In January 2018, a demolition project to replace the heating, ventilation, and air conditioning (HVAC) system in the Lyman Duff Medical Building sixth floor mechanical room caused a water leak in the north-east staircase. The leak has posed an inconvenience for staff in the building, which has a history of construction problems, and is home to many laboratories for a number of departments.
Partly funded by the Government of Canada’s Strategic Investment Fund, Duff’s refurbishing is one of several McGill construction projects aimed at improving outdated facilities. According to Jasmin Chahal, a Ph.D. candidate in Microbiology and Immunology (MIMM) and Lyman-Duff representative, new ventilation systems were necessary to avoid potentially dangerous consequences after a ventilation pipe installation in December 2017 interfered with the functioning of fume hoods in Duff.
“We have toxic chemicals in the fume hoods and then sometimes, due to ventilation, the fume hoods just stop working,” Chahal said. “We realized [the malfunction] when we started smelling the chemicals. What we did at the time [of the incident] was [that] we’d do our work and then just shut [the fume hood].”
One month later, in January 2018, water began leaking into Duff auditorium B23 due to the building’s roof deterioration and corroding corrosion. In an email to The McGill Tribune, Facilities Management and Ancillary Services Communications Manager Julie Fortier confirmed that the faulty pipes have since been replaced and that more permanent solutions are being considered for the neglected roof.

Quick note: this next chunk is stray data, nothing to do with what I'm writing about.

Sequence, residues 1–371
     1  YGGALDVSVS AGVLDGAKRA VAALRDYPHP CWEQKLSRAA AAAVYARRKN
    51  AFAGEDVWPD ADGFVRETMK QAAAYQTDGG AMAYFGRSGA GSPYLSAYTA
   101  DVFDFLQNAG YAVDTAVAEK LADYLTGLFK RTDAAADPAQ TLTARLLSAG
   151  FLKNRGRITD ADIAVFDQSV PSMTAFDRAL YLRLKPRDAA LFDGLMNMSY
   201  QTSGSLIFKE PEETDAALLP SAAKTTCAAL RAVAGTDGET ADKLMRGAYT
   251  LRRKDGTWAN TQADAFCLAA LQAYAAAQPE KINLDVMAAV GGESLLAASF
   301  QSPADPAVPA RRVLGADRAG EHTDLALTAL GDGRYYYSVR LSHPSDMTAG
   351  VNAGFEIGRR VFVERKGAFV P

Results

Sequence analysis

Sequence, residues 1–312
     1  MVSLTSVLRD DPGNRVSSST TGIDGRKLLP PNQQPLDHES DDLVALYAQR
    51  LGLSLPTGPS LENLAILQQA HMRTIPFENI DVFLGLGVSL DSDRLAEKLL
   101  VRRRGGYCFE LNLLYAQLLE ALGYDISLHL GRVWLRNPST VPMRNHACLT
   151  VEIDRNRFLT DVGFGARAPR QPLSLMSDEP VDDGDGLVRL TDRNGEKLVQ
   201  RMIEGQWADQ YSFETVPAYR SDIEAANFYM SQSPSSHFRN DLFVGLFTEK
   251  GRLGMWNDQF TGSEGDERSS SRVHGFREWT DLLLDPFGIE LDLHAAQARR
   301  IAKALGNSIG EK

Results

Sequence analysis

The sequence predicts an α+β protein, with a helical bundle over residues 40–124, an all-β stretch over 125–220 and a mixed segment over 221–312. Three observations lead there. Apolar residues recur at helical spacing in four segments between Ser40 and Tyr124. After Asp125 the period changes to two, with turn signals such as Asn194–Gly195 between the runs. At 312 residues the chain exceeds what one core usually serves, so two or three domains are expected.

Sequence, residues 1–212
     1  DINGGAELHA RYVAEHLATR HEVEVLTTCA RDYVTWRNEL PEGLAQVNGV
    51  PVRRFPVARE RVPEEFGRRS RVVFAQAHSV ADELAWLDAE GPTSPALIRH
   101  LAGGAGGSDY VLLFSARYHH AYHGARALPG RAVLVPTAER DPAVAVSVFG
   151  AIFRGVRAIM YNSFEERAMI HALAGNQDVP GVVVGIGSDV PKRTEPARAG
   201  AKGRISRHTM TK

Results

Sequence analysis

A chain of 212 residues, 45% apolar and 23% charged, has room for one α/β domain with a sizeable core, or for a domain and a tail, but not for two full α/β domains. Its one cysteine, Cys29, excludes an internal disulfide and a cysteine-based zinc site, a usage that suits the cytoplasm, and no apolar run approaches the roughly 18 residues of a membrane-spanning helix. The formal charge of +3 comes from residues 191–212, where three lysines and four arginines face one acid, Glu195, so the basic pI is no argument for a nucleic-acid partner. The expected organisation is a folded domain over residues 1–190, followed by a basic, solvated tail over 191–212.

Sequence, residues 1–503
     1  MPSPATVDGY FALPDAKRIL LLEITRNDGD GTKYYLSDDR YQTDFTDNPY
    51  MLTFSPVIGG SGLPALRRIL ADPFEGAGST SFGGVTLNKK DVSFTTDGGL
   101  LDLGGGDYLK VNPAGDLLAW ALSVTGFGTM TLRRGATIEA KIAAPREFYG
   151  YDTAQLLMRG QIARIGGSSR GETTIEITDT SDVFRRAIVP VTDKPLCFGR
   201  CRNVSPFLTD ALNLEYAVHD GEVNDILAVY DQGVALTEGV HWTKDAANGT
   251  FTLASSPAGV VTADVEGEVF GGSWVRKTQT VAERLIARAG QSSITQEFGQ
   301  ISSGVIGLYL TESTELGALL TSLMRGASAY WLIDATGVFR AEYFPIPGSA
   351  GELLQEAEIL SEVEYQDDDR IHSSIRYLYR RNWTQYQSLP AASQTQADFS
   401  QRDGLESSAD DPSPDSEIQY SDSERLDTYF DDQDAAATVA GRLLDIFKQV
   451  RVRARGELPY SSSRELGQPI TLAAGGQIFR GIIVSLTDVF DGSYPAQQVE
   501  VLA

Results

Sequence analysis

“The replacement of the roof at the Lyman Duff Building is on our priority list,” Fortier wrote. “The University has about 1.3 billion dollars worth of deferred maintenance work, so it is difficult to say at this stage when we will be able to proceed with that project.”
According to Chahal, the building has faced infrastructural problems for several years. Over one year ago, a hot water pipe burst overnight, flooding Duff room 600 and damaging an MacBook computer, four desk chairs, and lab notebooks.
“Our lab was big and everything got damaged,” Chahal said. “[The water] came from a very dirty pipe so it was dusty and dirty. We work with RNA, and RNA is very unstable […], so we couldn’t work with RNA at all for a week at least.”
Construction projects in Duff and other buildings on campus cause countless logistical difficulties for students, beyond the risks that faulty handiwork pose. For example, laboratory construction in the Stewart Biology Building that began in May 2017 has led many first-year biology labs to be relocated to the Duff Building.
The Duff Building HVAC renovations are expected to finish in December 2018. However, Microbiology and Immunology Graduate Student Association (MIGSA) President Patrick Lypaczewski is skeptical of the completion date, considering the university’s history of delaying construction timelines.
“[The changing deadlines is a topic] that keeps coming up during staff meetings,” Lypaczewski said. “It isn’t just that the admin isn’t telling the students enough. It’s also that the admin and the profs don’t know enough. McGill can’t control what the [construction] companies do but they can give clear instructions as to communications.”